(31) 
			<a href='http://www.nytimes.com/2019/02/27/us/immigrant-children-sexual-abuse.html'>www.nytimes.com/2019/02/27/us/immigrant-children-sexual-abuse.html</a>.
20. As many as 40% of children who are sexually abused are abused by older, or more powerful children. Juveniles who commit sex offenses against other children are more likely than adult sex offenders to offend in groups and to have younger victims. 
			(32) 
			<a href='http://www.d2l.org/wp-content/uploads/2017/01/Statistics_2_Perpetrators.pdf'>www.d2l.org/wp-content/uploads/2017/01/Statistics_2_Perpetrators.pdf</a>.
21. The rapid development of information and communication technologies takes sexual violence against children to an entirely new level. “Sexting”, “revenge porn”, “sex-chatting”, “sextortion” and “on-line grooming” are just some examples of possible ways of abuse. 
			(33) 
			<a href='https://vimeo.com/search?q=Council+of+Europe+Elizabeth+Milovidov'>https://vimeo.com/search?q=Council+of+Europe+Elizabeth+Milovidov.</a> While it is estimated that about 175 000 children go on-line for the first time every day, not enough is done to make them aware of possible dangers, and children often mistakenly feel safer sharing private and sensitive information on-line, rather than in other contexts. 
			(34) 
			<a href='http://www.unicef.org.au/about-us/media/february-2018/with-more-than-175-000-children-going-online-for-t'>www.unicef.org.au/about-us/media/february-2018/with-more-than-175-000-children-going-online-for-t</a>. Sexually explicit self-produced images often end up in open access and can be used for cyber-bullying and “sextortion”, with highly traumatic consequences for the children concerned. It is to address this concern that the Lanzarote Committee decided to focus on the issue of sexually explicit self-produced images in its 2nd monitoring round (2017-2020). 
			(35) 
			<a href='http://www.coe.int/en/web/children/2nd-monitoring-round'>www.coe.int/en/web/children/2nd-monitoring-round</a>.
22. The oversexualisation of our societies in general and children in particular, combined with the normalisation of pornography, creates fertile ground for abuse. Ms Gail Dines, Founder of Culture Reframed, which was created to address pornography as a public-health crisis, discusses in her blistering Ted Talk how a child abuser had told her that much of the grooming for his victims did not need to be done by him, as it had already been done by the culture.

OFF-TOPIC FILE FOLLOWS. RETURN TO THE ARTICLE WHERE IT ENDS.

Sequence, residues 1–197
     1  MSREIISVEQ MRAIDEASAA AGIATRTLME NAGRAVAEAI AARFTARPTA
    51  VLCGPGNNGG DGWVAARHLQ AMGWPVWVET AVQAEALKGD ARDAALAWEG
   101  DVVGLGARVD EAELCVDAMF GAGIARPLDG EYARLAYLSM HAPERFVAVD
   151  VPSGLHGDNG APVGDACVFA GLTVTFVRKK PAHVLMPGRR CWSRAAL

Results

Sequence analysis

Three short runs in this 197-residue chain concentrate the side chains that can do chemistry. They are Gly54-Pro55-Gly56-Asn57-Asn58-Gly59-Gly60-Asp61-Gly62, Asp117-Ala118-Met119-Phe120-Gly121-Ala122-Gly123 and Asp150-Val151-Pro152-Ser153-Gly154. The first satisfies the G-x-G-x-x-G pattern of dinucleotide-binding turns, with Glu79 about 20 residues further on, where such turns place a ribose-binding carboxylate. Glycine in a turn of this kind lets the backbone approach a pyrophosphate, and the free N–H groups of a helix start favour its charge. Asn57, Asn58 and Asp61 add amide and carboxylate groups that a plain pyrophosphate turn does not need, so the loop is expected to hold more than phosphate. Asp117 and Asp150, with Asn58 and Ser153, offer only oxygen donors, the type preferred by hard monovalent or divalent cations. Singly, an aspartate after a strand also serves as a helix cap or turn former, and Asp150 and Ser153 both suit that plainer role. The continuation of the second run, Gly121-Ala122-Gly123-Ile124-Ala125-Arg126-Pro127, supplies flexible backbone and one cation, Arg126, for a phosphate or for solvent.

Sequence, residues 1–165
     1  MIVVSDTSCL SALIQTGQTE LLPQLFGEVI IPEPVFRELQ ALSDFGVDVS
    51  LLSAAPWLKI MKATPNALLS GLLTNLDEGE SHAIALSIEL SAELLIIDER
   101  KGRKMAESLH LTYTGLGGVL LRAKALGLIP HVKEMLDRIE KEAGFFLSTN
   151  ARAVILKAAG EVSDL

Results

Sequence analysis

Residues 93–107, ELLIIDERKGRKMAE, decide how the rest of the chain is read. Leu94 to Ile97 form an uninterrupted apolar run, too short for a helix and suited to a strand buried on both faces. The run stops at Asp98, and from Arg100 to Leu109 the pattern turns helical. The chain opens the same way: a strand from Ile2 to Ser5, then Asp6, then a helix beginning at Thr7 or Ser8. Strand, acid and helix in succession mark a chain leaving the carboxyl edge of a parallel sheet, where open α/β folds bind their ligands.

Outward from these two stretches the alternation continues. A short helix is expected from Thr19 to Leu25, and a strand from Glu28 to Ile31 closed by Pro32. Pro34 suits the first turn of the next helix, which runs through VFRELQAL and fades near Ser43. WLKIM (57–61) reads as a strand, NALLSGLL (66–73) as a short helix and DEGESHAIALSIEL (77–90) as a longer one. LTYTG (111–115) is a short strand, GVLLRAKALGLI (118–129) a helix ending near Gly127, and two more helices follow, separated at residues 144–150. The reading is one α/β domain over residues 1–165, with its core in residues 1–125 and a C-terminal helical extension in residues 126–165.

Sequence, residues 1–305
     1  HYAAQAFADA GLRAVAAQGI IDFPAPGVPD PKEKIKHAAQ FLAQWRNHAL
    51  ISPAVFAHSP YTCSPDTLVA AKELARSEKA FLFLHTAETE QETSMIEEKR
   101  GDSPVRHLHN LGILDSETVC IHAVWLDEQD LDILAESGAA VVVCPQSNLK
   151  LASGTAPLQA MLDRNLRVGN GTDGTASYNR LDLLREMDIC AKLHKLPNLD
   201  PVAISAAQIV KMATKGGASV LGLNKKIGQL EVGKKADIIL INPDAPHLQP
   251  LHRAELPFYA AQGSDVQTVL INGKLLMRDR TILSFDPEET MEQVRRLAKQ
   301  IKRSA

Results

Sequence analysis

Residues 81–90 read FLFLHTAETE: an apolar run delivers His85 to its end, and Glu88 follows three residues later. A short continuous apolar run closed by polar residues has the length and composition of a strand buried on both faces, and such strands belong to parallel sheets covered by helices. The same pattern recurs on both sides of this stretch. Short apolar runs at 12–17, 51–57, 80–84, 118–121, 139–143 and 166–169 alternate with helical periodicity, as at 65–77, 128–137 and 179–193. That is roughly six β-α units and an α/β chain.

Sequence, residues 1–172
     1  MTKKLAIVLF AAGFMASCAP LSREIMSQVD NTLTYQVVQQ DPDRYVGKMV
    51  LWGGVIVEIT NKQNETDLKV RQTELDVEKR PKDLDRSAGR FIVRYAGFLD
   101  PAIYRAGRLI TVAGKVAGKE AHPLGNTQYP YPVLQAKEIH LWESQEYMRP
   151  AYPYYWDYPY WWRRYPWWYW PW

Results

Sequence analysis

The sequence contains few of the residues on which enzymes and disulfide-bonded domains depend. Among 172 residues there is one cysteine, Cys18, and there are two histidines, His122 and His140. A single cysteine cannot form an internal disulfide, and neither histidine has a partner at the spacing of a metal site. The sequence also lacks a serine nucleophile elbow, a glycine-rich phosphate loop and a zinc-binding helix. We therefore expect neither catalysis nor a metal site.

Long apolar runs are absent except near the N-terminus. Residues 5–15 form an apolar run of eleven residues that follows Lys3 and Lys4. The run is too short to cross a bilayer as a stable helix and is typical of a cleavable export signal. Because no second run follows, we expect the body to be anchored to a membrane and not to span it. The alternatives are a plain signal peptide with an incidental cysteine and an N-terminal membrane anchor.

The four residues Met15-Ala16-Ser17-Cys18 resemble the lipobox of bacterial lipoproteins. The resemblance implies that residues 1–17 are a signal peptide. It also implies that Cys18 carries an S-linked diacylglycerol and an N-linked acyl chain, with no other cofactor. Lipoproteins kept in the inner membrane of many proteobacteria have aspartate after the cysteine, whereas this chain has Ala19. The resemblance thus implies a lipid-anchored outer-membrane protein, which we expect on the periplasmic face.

(36) 
			<a href='http://www.youtube.com/watch?v=_YpHNImNsx8'>www.youtube.com/watch?v=_YpHNImNsx8</a>. “Pornified culture”, transmitted daily through teen magazines, apps and music channels, leaves children “porn prepared”, in other words – willing to comply with expectations in terms of their physical appearance and sexual behaviour. Today, the average age of first exposure to pornography is between 9 and 11 years old. 
			(37) 
			<a href='https://fightthenewdrug.org/how-much-porn-is-your-kid-watching/'>https://fightthenewdrug.org/how-much-porn-is-your-kid-watching/.</a> Sexually suggestive images are used to sell all sorts of products. They can be seen on buses and on-street advertising, and many no longer find this shocking. 
			(38) 
			<a href='http://www.11andmore.com/pornification-society/'>www.11andmore.com/pornification-society/#.XpGBp25uKUk</a>. World-famous singers have produced viral hits using “soft porn” imagery, which is presented as an expression of emancipation, success and “girl-power” and promoted by the mainstream media. An online magazine has promoted the idea that prostitution is a legitimate profession like any other. 
			(39) 
			<a href='http://www.christianpost.com/news/teen-vogue-pushes-prostitution-as-legit-profession-like-a-medical-doctor-feminists-enraged.html'>www.christianpost.com/news/teen-vogue-pushes-prostitution-as-legit-profession-like-a-medical-doctor-feminists-enraged.html</a>. Children’s perceptions of sexuality are thus being distorted and leave them vulnerable to risky sexual behaviour and to sexual abuse and exploitation.